"Unless you have the confidence that your partner's not going to be looking around for someone else after a heartbreak loss. I mean, that's what we have. We have that loyalty that no matter how bad I return during a stretch, I know he's not going to be talking to (Daniel) Nestor, or texting Nestor," a 40-year-old Canadian doubles specialist.
Indeed, the twins have been through it all together.
When they were kids, their parents forbade them from playing singles against each other, forcing them to take turns defaulting to each other when they were matched up. Bob was the top-ranked player in U.S. boys' 18s in 1996. In 1998, he won the NCAA singles, doubles (with his brother) and team titles at Stanford.
"I slept with that trophy," Bob Bryan said. "I asked coach, 'Can I have it for one night?' It couldn't get any sweeter than that."
But really, it could.
Deciding their future was brightest as a doubles team, Bob largely gave up singles to focus on the partnership. Last year, the Bryans added an Olympic gold medal to their stash. One more victory at the All England Club would make it a Golden Slam — all four Grand Slam titles plus the Olympics.
They key to it all, says Mike, is "you've got to like your partner, first."
And they do, on and off the tennis court. The do their trademark chest bump after winning a particularly good point, or a match — and they have won 23 in a row. On occasion, they play in a band named after themselves that, according to their website, "jams at tour stops, clubs, and charity events as they travel around the world."
"It's great to be on equal footing," Mike said. "You don't want to be coached by someone. You've got to be pumping up your partner, making your partner better."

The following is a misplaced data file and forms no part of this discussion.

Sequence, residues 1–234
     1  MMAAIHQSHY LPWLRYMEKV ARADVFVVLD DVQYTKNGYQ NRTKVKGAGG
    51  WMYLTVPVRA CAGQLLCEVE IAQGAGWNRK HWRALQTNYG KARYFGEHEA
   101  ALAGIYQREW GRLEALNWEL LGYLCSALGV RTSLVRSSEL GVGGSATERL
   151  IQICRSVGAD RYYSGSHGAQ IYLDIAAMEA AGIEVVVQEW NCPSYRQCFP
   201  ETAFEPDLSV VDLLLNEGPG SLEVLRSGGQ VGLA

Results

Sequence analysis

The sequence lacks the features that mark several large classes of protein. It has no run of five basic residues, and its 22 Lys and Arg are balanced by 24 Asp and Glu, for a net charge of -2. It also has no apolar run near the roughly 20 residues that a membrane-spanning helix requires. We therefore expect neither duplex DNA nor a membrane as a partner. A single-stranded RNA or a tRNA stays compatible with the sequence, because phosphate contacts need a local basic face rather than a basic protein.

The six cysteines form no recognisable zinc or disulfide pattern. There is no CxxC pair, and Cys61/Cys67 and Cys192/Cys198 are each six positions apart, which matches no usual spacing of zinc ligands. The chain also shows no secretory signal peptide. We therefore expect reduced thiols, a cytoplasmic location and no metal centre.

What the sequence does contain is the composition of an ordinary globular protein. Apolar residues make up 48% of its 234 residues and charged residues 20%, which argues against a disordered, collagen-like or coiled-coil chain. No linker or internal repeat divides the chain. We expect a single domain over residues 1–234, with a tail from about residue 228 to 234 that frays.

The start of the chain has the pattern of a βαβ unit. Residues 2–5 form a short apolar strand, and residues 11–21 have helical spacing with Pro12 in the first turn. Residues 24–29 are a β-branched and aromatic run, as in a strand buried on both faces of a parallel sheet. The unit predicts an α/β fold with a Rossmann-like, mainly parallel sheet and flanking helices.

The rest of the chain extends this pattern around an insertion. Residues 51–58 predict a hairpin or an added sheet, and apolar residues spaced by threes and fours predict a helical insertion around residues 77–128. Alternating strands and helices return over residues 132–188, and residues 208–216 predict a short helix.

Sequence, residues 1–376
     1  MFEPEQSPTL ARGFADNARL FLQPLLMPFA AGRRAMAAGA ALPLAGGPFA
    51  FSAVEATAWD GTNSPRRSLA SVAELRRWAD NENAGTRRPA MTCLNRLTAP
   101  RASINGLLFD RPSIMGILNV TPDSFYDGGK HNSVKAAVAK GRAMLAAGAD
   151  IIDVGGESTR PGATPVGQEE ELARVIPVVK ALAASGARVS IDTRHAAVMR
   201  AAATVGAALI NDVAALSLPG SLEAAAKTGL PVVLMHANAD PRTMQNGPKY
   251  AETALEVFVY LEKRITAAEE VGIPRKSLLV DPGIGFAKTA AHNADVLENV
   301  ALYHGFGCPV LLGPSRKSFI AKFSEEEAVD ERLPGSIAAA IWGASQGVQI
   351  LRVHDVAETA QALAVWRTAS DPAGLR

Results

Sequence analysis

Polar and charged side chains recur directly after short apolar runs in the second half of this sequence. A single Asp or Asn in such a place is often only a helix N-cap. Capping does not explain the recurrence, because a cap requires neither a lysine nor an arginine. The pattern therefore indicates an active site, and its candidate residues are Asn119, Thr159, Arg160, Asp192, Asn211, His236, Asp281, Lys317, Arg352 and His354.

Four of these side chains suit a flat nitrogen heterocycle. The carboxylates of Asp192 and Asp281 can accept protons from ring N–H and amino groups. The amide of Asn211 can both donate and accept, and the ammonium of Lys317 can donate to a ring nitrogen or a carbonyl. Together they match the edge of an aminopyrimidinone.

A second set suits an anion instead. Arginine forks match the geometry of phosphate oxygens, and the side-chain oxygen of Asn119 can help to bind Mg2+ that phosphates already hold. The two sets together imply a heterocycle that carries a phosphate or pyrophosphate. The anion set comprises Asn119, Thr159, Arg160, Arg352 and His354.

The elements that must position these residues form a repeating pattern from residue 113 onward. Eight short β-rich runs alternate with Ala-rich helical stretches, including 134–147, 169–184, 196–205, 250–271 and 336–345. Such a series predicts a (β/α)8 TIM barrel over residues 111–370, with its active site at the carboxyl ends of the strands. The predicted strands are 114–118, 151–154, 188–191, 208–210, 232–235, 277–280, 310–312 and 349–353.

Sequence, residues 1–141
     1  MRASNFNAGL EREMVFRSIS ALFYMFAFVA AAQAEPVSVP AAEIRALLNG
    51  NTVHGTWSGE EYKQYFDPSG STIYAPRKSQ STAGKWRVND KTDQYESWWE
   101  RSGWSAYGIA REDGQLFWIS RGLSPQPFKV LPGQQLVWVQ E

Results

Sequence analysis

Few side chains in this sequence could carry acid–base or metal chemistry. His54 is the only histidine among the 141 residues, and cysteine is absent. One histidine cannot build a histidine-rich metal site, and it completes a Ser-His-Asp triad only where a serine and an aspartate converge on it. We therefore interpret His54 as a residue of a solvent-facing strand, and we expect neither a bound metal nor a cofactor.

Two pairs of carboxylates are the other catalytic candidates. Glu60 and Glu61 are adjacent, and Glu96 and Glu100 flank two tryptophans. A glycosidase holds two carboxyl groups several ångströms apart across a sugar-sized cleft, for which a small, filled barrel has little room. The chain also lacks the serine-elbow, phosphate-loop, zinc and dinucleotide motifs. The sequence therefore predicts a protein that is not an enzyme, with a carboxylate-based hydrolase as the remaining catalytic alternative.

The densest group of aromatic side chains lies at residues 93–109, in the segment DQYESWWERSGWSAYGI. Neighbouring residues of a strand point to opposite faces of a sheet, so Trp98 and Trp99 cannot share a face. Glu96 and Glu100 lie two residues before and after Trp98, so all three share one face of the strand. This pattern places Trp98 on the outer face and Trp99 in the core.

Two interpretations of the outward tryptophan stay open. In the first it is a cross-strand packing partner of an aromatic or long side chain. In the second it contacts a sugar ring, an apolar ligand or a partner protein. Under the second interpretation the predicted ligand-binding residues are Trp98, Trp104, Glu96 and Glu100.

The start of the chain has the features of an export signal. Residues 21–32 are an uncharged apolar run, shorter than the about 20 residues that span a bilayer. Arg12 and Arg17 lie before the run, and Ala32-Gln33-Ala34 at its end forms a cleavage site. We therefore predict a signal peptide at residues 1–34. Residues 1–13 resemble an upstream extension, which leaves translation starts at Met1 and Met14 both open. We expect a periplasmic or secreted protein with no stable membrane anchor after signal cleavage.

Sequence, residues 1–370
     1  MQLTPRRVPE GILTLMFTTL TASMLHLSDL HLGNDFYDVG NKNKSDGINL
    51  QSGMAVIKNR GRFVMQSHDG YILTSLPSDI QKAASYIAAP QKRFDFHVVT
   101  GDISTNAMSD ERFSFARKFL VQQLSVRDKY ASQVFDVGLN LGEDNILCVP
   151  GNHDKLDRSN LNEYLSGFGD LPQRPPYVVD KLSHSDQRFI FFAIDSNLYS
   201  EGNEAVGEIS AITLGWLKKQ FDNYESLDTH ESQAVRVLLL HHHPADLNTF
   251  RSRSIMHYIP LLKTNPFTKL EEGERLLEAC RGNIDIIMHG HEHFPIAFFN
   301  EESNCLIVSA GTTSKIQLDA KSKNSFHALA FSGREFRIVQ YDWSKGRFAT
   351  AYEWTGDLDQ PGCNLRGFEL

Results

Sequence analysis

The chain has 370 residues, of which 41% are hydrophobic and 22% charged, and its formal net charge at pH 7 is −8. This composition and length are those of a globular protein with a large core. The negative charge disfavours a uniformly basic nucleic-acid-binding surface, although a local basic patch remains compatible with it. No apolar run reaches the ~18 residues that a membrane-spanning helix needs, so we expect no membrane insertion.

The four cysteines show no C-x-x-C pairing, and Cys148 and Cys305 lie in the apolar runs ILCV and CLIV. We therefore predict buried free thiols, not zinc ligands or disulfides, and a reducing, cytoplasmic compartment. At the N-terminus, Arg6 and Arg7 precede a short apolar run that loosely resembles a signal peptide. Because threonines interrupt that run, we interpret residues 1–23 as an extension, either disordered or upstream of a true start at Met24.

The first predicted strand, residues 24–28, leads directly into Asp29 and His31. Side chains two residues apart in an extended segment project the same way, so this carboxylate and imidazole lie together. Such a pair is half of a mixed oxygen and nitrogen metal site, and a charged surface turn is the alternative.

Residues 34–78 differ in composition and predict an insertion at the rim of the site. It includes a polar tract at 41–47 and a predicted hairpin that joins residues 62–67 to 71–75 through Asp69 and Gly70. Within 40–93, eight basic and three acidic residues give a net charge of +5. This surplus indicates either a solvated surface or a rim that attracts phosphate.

The long-term goal for the Bryans is to stick around through the Rio de Janeiro Olympics, though it gets harder as the years go by — not only physically, but logistically, as well. Mike recently got married. And Bob's wife, Michelle, is pregnant with the couple's second child. Their first, 17-month-old Micaela, has a Twitter account with nearly 11,000 followers. (Bob swears she types in the tweets herself.)
"A lot of players are usually on their way out of the game when they have that second kid," Bob said. "We'll give it our best shot."
Almost every time they step onto the court, they will be both the favorite and an undercard. They accept both fates with equal enthusiasm.
"As an athlete, you've got to cherish those moments," Mike said. "We're on the road and you can get mentally tired of those moments when you're playing week in, week out ... having guys gun for you because you're the No. 1 team. But then you go home and you realize you need that adrenaline rush, and you're itching to get back out there."